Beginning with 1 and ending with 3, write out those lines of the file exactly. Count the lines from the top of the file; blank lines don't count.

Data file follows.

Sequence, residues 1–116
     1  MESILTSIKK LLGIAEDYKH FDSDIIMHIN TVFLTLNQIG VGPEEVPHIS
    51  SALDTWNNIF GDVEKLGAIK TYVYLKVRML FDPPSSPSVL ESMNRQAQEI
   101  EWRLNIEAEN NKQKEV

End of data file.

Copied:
Sequence, residues 1–116
     1  MESILTSIKK LLGIAEDYKH FDSDIIMHIN TVFLTLNQIG VGPEEVPHIS
    51  SALDTWNNIF GDVEKLGAIK TYVYLKVRML FDPPSSPSVL ESMNRQAQEI